"I'm always worried about young kids in their first games and players without experience, because you don't know [what to expect]. Especially somebody that is starting for the first time," said the veteran head coach. "The first week of the season you don't know what's coming, and that's what you worry about. When defenses are looking at stuff they haven't prepared for, it's disconcerting. That's why season opening games are scary."

Though far from frightening, the opener against North Carolina provided its fair share of suspense and anxious moments. The final outcome was not decided until the closing seconds when Todd Braverman hit a career long 50 yard field goal. The ball passed through the uprights with only 27.4 ticks left on the clock, lifting Virginia to a dramatic 20-17 victory.

Unfortunately, things did not go nearly as well for Welsh's Cavaliers during last Saturday's game against Clemson. Virginia entered the game hoping to become the first team in school history to open the season with two conference road wins. Instead, Virginia was in for a long afternoon as the Tigers up-ended the Cavaliers 33-14 in front of 65,000 raucous Clemson fans.

The Tigers scored on their first two possessions and jumped out to an early 14-0 lead. In the second quarter, Clemson tacked on two field goals to give the home team a 20-0 half time lead.

Though Virginia was down, they would not leave without a fight. Late in the third quarter quarterback Dan Ellis hit Kevin Coffey on a one-yard touchdown pass. Thomas Jones added a three-yard touchdown run early in the fourth quarter, but it was not enough.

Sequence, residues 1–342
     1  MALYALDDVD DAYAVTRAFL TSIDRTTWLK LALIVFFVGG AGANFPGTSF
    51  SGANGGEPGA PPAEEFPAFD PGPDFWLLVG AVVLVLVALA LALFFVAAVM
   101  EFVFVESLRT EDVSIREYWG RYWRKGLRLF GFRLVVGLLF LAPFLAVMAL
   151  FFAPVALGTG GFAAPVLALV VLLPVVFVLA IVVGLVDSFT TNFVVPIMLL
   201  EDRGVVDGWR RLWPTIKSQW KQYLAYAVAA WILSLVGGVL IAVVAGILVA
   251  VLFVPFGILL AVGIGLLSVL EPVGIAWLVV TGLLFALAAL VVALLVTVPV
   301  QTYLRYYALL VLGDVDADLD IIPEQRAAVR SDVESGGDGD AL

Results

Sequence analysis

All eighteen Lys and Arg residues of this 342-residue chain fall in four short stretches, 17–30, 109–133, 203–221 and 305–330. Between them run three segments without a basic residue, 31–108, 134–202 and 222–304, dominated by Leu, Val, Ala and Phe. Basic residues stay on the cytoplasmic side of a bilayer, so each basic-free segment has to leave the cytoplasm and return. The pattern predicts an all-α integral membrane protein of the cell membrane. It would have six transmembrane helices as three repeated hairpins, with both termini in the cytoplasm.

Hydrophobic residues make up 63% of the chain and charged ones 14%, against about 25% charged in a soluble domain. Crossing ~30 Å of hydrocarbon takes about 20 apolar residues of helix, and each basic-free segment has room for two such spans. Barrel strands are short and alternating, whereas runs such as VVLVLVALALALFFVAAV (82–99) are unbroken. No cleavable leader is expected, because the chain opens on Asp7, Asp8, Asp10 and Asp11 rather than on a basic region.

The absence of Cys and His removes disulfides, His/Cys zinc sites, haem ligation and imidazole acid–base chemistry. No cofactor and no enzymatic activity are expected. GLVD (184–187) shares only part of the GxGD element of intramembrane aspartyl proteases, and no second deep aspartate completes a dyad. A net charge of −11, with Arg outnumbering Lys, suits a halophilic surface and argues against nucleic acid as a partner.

Following the game, Coach Welsh gave credit to the Clemson Tigers for their solid performance.

" I think they executed very well [on offense]. I don't think we were ready for the speed of the game," said Welsh. "It was a lot faster game than what we played [against North Carolina]. Their defense was quicker and their offense was quicker."

As the Cavaliers prepare to take on Wake Forest, Welsh hopes his team can regain focus for yet another difficult ACC contest. Though Virginia has not lost to the Demon Deacons since 1983, he understands every conference opponent provides a serious challenge.

"We have a lot of intense rivalries in this conference now," said Welsh. "Teams want to beat us. Georgia Tech gets all fired up for us. Duke gets all fired up for us. North Carolina State, that always seems to be a pivotal game. They're always fired up for us."

For only the second time in school history, the Cavaliers open the season with three games against conference opponents. After the first two games, Virginia owns a respectable .500 record, and a win over the Demon Deacons would propel the Cavaliers to an early 2-1 conference standing.

It has been a solid start to a season surrounded by question marks and a good deal of uncertainty. Key injuries, inexperience, and an overall lack of depth have fueled most of the early concern. Though the first two games are in the books, it may be too early for Coach Welsh to breath that short, well deserved sigh of relief.